We noticed this article from SportingKidLive and thought this may be a good one for parents to read.


Fall is near. Soon your social media feeds will fill up with adorable kids posing for First Day of School pictures. You can also expect plenty of photos of youngsters on the field clad in their football, cheerleading or soccer uniforms.

With social media’s ever-increasing integration in our lives, moms and dads are lowering their guard when it comes to posting pictures of their children on the Internet. According to a recent study by the University of Michigan, 51 percent of parents include personal information alongside their social media photos that could identify a child's location.

Today’s technology appears to be both a blessing and curse. While it has bridged gaps between families and friends dispersed across the country, and even the world, it also leads the way to predators with malicious intentions.

“I don’t think most parents realize that when they post pictures of their kids online, they are leaving a digital footprint,” says Nancy McBride, national safety director for the National Center for Missing and Exploited Children. “If you’re not careful you can lose control of the picture.”

So, is posting pictures of your children on social media safe? Yes, but McBride stresses only with certain conditions.

“Our use of social media isn’t going to decrease anytime soon,” she says. “Parents can be proactive by taking advantage of privacy settings to make sure their photos are only shared with the people they want to see them.”

Update your account’s privacy settings

If you’re going to post pictures of your children on social media, you need to consider your account’s privacy settings. Set your account to private or “friends only” so your posts are not available to the public. You’ll receive a notification when someone wants to follow you. You have the choice to either accept or deny their request.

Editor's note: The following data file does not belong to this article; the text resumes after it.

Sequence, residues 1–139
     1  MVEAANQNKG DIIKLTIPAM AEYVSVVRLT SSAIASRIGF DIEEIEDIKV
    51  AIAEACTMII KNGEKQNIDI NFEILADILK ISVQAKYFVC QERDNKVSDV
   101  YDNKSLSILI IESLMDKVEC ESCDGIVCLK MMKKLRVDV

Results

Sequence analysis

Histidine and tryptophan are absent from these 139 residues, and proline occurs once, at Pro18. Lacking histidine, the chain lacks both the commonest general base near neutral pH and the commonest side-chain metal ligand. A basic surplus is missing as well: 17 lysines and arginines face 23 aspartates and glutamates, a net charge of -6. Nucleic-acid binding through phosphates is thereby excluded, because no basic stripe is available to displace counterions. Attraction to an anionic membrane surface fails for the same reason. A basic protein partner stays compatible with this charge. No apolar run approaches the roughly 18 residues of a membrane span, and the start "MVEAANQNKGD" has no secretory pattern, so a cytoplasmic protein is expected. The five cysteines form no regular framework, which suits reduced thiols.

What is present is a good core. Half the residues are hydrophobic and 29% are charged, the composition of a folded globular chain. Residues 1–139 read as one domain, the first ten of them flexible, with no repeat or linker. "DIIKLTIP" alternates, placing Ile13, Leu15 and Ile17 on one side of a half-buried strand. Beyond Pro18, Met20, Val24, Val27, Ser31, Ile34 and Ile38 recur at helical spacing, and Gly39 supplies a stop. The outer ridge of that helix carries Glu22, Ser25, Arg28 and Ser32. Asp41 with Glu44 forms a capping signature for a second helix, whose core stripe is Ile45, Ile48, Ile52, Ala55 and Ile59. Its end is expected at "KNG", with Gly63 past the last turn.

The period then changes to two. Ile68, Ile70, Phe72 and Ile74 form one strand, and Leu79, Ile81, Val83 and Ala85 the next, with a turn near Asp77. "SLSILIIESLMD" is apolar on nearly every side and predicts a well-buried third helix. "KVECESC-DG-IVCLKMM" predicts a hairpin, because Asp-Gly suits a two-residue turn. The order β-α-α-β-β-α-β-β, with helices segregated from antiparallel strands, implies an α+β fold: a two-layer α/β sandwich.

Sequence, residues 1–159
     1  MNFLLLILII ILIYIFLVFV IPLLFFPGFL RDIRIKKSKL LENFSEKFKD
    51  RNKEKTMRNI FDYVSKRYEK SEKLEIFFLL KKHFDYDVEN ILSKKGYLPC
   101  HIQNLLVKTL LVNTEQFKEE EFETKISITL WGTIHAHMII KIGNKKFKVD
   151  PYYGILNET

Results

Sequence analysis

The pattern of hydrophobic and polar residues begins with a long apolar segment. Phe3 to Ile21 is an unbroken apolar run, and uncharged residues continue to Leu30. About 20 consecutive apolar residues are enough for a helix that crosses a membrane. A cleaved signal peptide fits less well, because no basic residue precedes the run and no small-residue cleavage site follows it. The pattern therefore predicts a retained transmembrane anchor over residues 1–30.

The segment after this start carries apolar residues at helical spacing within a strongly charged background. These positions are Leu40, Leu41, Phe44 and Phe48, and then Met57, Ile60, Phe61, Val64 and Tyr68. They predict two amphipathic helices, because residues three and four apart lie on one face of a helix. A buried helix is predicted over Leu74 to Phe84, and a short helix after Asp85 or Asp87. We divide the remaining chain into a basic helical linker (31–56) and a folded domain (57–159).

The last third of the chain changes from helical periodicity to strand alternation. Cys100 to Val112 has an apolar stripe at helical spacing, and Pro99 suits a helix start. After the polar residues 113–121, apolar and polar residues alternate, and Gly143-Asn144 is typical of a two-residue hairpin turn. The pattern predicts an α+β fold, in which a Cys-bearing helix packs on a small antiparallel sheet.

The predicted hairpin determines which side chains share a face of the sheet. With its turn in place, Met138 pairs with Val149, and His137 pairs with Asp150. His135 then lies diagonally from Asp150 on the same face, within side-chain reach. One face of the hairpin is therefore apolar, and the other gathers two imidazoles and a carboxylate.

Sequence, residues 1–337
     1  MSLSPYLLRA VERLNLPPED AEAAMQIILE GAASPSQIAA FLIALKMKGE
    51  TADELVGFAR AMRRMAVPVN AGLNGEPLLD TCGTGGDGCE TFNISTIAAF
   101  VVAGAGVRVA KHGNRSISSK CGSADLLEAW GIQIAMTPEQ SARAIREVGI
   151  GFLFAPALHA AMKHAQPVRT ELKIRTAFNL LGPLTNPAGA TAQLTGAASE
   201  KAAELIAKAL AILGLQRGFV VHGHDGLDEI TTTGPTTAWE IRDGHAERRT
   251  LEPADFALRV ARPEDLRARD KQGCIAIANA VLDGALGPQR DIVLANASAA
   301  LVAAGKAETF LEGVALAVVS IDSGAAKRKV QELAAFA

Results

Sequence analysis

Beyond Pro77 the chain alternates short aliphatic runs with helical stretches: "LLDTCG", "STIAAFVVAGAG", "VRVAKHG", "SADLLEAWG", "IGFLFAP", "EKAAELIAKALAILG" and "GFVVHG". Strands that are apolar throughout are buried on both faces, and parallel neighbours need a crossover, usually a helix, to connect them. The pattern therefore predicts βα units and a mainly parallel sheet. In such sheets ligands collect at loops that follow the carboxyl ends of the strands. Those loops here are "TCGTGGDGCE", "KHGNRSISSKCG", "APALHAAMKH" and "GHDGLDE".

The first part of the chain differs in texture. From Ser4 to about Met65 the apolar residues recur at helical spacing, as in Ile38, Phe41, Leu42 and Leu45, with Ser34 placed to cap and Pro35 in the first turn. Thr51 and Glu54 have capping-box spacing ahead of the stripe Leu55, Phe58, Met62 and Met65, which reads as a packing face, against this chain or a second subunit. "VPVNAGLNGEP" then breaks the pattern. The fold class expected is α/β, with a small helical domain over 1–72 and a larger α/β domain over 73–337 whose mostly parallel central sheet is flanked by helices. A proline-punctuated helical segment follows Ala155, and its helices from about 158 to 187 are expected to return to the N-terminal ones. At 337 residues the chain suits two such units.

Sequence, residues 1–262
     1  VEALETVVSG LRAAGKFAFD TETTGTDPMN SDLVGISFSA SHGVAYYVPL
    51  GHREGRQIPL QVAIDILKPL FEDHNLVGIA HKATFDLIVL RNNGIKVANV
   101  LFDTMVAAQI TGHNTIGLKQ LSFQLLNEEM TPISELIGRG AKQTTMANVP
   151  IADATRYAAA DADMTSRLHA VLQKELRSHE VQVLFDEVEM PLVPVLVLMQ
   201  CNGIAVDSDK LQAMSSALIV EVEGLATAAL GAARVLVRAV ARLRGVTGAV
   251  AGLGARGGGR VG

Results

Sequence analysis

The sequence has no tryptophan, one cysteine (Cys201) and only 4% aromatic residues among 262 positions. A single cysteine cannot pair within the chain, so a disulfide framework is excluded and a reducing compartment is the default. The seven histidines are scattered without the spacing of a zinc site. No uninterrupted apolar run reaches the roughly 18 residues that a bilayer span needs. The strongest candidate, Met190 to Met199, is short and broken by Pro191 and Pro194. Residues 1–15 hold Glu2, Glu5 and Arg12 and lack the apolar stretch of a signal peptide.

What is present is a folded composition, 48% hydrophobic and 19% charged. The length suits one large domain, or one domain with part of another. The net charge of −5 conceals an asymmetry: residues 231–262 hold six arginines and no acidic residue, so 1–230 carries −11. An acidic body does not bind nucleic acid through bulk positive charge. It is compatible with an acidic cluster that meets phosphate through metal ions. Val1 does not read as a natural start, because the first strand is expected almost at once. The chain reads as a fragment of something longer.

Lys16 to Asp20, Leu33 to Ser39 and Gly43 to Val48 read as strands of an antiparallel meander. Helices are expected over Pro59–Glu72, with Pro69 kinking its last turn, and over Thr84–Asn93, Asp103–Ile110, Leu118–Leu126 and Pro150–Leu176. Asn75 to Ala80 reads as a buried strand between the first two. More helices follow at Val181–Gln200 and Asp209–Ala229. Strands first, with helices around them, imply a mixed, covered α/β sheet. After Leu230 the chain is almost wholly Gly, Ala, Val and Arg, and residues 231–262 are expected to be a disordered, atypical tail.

If you’re not sure what your Facebook privacy settings are, Facebook offers a helpful tool called Privacy Checkup to help you review and update your account settings.

Did you know that Instagram accounts are public by default? Here are some ways to control your privacy settings on Instagram.

Take control of your friends list

You may have 600 people on your Facebook friends list but do you really know all those people, and do you really want to give them access to moments of your life – or your child’s?

A seemingly innocent photo of your child at the bus stop on the first day of school can provide a predator with a wealth of information, like the bus stop location, pick up time and what your child looks like.

“The background of a photo can give away all kinds of information,” says McBride. “Parents need to use their smarts when posting pictures online. They need to use good judgement.”

You can choose to pare down your friends list to just the people you really know or create a custom list, say of just your parents, brothers, sisters, best friends, in-laws, etc. Then when you upload a photo of your child, select to share the photo with that specific list.

Disable geotagging on your smartphone

“Disabling the geotagging on your phone’s camera is another way parents can protect their photos and their children,” says McBride.

 When you take a photo with your smartphone’s camera, it uses GPS to determine where you are and embeds that information into the picture. Yes, anyone who gets a hold of your photo can find the location of where you took that picture. Here are simple step-by-step instructions to disable the geotagging feature on cameras for iPhone, Android and BlackBerry.

Use a photo-sharing website

Aside from adjusting your account privacy settings for the social media sites you use, McBride suggests parents use photo-sharing websites that require login information in order to view photos. While the National Center for Missing and Exploited Children doesn’t endorse any specific photo-sharing websites, this writer suggests parents look into websites like Shutterfly or Snapfish, which offers free, private online spaces shared by invitation only. Meaning, the only people who can view the photos are the people you invite so you have complete control over who sees your photos.

Teach your kids

Today’s youth is the first generation to have social media as part of their everyday life. It’s not too early to start teaching your children how to navigate the online world safely. The National Center for Missing and Exploited Children has developed the NetSmartz Workshop, an interactive, educational program designed to educate children ages 5-17 about online safety through entertaining resources, like videos, games, activity cards and presentations.